“I can shake everything off as I write. My sorrows disappear; my courage is reborn.”
– Anne Frank
We all have unique experiences. You may have had an extraordinary or traumatic experience. Either way, it happened to you. But should it be a novel? Before you plan out the plot, action, and characters, stop to think about this question. All stories, to some extent, are based on a person’s experience. It’s how authors handle the facts that draw the line between fiction and memoir. Before you do any writing, however, keep the following tips in mind.
Get permission. Let’s say your story takes place on your Uncle Arthur’s farm in the Midwest. Do you have permission to use him (or his farm) in the story? If they are ok with your story, it’s alright to include real facts within it. For instance, your character may be molded after Uncle Arthur. The character may have years of farming experience, was born on a farm and so forth.
Yet, consider the flip side as well. If Uncle Arthur says no to having anything to do with your novel.You should respect that. Should you print anything without his consent, he could have grounds for a legal battle. Instead of using Uncle Arthur by name, change his name and change details about him. If Uncle Arthur has red hair and wears his ball cap backward, create a character with brown hair that wears a cowboy hat or straw hat. If your uncle is heavy set, have your character be slimmer. This way your family will not realize who you are writing about in your story. You can still write the facts but have a fictional twist.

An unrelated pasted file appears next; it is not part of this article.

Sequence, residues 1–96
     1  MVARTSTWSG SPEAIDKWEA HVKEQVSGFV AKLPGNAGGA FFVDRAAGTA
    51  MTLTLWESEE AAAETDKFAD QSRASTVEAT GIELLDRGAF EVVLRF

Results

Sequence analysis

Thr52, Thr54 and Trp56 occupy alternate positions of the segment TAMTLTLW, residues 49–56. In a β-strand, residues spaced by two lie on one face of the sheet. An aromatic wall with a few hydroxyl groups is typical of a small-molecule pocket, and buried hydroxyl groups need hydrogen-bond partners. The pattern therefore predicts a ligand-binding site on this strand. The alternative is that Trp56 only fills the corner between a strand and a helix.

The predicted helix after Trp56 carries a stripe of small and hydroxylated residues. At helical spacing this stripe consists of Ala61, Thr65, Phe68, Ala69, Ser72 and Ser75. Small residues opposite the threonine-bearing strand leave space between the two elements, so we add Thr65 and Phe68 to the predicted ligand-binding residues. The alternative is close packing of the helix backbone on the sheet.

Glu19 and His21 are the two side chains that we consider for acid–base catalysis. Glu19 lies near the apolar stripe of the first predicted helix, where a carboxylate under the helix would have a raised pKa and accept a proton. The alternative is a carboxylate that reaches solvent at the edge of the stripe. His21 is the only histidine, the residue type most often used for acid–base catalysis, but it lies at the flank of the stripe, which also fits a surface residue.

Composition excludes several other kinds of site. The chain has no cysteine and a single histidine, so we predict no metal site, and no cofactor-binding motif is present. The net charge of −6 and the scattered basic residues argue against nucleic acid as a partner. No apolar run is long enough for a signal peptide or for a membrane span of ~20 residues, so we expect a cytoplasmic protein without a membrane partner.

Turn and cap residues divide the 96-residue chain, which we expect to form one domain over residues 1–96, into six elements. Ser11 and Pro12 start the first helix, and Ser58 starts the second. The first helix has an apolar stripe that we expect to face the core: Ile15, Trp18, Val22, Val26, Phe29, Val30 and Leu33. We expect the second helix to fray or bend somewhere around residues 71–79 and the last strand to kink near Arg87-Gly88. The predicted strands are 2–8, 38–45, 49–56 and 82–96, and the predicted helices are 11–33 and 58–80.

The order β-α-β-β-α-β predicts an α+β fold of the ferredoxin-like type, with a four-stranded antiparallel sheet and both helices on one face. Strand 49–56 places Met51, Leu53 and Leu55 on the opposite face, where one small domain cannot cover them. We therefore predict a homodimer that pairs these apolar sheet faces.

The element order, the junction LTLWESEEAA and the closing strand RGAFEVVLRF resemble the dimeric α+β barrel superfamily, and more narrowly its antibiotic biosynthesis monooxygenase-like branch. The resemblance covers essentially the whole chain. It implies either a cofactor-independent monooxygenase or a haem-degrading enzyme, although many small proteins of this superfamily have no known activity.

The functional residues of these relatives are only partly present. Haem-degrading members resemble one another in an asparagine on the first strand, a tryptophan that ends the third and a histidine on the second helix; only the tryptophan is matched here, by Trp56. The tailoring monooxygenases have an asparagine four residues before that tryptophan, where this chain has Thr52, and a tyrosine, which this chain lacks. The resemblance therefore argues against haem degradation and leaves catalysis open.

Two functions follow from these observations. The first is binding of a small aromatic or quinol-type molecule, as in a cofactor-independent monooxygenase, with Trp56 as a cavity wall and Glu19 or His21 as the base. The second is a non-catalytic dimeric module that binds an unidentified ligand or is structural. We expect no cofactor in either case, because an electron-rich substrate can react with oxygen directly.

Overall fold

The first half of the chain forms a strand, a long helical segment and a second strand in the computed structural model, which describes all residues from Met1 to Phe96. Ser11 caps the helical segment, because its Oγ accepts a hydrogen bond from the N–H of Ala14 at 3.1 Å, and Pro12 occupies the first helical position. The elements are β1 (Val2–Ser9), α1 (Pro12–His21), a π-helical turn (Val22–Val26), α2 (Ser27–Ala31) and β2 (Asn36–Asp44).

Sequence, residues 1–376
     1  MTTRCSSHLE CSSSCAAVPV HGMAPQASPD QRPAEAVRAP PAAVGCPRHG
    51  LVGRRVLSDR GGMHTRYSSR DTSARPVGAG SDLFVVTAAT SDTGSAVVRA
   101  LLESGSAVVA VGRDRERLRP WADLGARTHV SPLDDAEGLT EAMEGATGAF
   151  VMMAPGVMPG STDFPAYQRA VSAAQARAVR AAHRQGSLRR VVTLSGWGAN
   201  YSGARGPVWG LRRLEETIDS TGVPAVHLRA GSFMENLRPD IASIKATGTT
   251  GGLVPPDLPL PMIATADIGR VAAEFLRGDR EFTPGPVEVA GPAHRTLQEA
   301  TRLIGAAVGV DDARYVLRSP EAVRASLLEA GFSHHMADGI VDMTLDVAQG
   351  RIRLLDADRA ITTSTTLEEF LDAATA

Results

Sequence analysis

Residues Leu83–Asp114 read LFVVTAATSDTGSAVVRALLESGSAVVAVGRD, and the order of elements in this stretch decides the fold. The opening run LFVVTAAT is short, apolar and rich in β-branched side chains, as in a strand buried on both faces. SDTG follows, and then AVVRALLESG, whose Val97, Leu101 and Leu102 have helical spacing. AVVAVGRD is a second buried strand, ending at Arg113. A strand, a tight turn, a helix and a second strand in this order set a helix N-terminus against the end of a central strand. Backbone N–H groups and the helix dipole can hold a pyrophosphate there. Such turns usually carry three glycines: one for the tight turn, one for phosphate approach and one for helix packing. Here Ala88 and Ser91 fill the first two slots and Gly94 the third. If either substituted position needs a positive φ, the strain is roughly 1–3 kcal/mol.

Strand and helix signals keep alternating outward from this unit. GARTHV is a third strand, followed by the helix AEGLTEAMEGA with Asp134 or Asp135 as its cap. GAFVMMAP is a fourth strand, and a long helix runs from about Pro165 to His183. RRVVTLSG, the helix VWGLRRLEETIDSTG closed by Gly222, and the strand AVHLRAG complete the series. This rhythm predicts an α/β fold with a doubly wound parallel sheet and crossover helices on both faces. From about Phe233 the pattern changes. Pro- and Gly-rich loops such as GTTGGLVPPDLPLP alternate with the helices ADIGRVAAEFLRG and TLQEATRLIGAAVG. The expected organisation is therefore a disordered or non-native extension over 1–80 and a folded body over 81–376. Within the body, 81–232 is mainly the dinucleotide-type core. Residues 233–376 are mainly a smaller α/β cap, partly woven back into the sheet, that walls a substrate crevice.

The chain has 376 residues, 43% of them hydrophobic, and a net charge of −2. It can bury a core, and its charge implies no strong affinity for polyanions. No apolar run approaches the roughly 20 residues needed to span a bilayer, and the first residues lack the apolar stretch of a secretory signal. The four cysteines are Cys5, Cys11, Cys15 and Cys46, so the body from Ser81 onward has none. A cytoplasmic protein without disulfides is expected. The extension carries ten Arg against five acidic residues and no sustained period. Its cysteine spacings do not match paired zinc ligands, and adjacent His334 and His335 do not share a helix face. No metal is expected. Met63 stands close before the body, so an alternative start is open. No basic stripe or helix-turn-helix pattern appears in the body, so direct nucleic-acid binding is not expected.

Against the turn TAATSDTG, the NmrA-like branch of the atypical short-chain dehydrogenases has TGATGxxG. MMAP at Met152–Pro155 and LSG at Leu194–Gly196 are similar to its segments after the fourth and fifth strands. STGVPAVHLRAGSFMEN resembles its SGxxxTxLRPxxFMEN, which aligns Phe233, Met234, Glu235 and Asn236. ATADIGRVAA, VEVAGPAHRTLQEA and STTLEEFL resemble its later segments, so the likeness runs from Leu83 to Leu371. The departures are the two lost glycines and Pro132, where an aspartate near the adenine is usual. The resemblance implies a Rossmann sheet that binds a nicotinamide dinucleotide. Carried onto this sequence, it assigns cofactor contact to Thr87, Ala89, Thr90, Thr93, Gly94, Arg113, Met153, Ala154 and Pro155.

Do your research. If you’re writing your story based on your perspective and your facts, there won’t be much research. But let’s say you were at an event that made international headlines, such as the World Trade Center on 9/11. You can still write fiction from your perspective, but you have to respect your readers. The majority of them that will read your story either was there as well, had family there or heard about it on a news station. They know the facts of that day and what happened. If you don’t know the facts, this makes you less credible as an author.
Protect the privacy of your characters. Writing fiction based on real life means that real people will star as your characters. If one of the real-life people is Jessica Jones, for instance, don’t just change her name to Janice Jones. Instead, change both initials. This way she is not likely to know the character was based on her. For instance, a name change to Kendra Andrews could work just fine. But names are just the surface of the iceberg. Change all the details about the real-life person. If the real-life character has blonde hair and sea blue eyes, give the fictional character green eyes and brown hair. Change the character’s background, economic status and experiences as well.
Relate your story to your reader. Finally, make your reader care about your story. Drive the theme of your story home for the reader. Compassionately make them understand why they should care the character was seeking adoption of their child or that they went on a long journey to find true love. If you relate your story to reflect real life experience, you’re going to have a much better chance of drawing your readers into your story and keeping them until the last page.
What are other methods you have used in your real-life to fiction stories?